Customer success and customer support are full of negotiations, so I read with interest an article titled Emotion and the Art of Negotiation in the December 2015 issue of the Harvard Business Review. Here’s a quick summary of the article and what it means for customer success professionals.
- Emotion is a big part of any negotiation, as we well know, but it is often misunderstood, even ignored. Instead, pay attention to how you feel throughout a negotiation and use that self knowledge, along with what you can observe of the other parties’ emotions, to help get to a successful conclusion.
- Before the negotiation, we often feel anxious and excited. Avoid expressing anxiety; instead, express forward-looking excitement, which can build rapport. (Try, “Let’s find a solution together” rather than “My hands are tied.”)
- During the negotiation, we may feel angry. Be careful about expressing anger. While it may pay off short term, it harms the long-term relationship. Prepare answers to likely tough questions to help you stay calm during the negotiation. (I find that customer success professionals are often very good at anticipating what tough questions will come up!)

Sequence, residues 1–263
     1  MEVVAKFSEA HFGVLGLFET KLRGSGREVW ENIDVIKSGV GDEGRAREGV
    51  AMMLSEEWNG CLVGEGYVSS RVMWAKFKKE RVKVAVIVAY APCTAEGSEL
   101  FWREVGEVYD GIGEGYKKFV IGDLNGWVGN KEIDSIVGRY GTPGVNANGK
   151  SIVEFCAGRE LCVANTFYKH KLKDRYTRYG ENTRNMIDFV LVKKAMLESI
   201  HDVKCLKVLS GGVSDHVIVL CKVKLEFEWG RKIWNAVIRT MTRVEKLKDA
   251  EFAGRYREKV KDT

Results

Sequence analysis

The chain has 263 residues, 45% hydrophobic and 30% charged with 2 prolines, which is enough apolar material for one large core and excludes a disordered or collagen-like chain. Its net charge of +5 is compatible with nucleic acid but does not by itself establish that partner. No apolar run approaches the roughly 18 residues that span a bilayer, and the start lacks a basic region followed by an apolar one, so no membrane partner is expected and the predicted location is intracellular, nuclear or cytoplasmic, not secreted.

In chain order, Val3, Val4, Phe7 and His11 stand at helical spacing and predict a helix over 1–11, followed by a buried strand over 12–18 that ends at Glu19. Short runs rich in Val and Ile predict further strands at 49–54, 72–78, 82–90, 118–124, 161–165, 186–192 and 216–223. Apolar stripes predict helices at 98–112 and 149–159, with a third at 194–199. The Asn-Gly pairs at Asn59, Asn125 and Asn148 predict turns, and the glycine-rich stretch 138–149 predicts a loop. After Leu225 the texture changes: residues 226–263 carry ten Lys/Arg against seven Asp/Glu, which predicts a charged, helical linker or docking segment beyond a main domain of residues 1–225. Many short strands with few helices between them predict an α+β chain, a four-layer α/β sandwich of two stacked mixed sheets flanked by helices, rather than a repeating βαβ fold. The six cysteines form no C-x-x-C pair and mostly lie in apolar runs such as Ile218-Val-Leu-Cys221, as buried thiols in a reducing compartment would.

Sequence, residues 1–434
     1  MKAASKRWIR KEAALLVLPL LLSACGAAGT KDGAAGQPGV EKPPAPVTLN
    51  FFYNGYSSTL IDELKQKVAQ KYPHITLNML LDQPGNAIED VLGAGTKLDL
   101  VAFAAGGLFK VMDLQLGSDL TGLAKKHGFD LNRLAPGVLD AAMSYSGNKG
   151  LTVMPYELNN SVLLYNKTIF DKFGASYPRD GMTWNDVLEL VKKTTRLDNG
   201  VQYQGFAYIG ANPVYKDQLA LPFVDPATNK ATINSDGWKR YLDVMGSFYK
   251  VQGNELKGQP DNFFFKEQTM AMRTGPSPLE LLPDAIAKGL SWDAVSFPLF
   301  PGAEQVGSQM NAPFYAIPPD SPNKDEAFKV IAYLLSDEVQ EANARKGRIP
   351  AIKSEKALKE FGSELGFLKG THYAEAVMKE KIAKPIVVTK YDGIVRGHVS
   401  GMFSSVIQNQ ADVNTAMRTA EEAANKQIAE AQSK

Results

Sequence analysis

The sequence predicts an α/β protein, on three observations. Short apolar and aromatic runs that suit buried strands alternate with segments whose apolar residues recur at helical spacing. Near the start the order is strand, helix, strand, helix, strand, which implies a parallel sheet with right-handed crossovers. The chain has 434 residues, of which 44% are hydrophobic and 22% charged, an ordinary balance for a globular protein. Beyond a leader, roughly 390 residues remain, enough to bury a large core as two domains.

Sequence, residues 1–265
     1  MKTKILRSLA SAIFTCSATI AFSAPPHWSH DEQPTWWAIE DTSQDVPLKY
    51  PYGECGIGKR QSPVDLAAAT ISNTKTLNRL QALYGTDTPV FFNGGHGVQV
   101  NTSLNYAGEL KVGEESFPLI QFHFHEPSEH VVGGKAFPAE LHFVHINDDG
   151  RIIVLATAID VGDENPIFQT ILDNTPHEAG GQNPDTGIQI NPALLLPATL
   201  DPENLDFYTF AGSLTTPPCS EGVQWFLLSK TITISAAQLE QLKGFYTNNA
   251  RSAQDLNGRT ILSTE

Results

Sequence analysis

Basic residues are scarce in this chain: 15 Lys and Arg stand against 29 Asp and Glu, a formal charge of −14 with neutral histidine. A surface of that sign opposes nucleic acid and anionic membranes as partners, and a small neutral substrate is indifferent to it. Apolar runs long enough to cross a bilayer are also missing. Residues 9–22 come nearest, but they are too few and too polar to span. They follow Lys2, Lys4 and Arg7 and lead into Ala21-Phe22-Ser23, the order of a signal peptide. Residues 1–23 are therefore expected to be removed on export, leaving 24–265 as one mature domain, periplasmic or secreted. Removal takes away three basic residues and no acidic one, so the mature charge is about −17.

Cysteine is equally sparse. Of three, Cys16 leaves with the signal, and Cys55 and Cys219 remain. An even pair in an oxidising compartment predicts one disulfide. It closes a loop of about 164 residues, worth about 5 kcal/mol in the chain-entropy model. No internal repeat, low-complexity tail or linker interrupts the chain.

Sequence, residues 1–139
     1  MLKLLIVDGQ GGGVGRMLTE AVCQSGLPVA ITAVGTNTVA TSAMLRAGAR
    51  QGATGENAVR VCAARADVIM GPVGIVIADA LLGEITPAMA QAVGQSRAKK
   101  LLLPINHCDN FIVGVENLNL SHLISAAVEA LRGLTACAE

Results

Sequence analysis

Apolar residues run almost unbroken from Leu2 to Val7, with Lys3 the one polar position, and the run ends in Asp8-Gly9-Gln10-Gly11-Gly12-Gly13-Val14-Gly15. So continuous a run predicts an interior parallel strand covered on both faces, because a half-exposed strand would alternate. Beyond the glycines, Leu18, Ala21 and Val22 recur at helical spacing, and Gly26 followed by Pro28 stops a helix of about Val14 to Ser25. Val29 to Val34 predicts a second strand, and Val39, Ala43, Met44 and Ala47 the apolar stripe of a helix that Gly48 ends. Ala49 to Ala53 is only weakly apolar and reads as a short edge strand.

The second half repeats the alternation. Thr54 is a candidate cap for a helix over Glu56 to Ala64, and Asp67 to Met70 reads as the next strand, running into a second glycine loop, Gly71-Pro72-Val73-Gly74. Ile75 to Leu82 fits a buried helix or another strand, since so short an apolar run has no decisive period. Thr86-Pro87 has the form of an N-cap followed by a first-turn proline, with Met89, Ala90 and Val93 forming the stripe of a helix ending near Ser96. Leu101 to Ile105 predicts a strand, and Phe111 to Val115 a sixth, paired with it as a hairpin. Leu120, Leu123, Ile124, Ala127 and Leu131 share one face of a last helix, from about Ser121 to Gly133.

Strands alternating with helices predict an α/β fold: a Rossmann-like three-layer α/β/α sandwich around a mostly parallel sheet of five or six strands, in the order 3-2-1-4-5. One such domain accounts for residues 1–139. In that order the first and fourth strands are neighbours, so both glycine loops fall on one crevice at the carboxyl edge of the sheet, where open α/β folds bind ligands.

- At the end of the negotiation, do not crow about outcomes that make you feel particular pleased, even triumphant. It is important that all parties feel they have “won”. Emphasize the value created for everyone.
- Negotiate process before substance. How will the decision be made? Who will participate? This also helps you anticipate what kinds of questions will come up.
- Normalize the process. discuss, in advance, typical barriers that your counterparts may not be aware of. For instance, make it clear that bug fixing is a multistep process that cannot be completed within the hour.
- Control the frame so you can negotiate as equals. For instance, if the customer is complaining about price, don’t simply acquiesce that your services are expensive, but instead discuss value rather than price.
I find it very useful to carefully observe the customer(s) to understand what emotions they may be feeling, and calmly call out that emotion (to myself) so I can think of the best way to proceed that will feed the emotion, not just the rational mind — which is often hobbled if strong emotions reign.
Tell us about tough negotiations you participated in and how you made them work.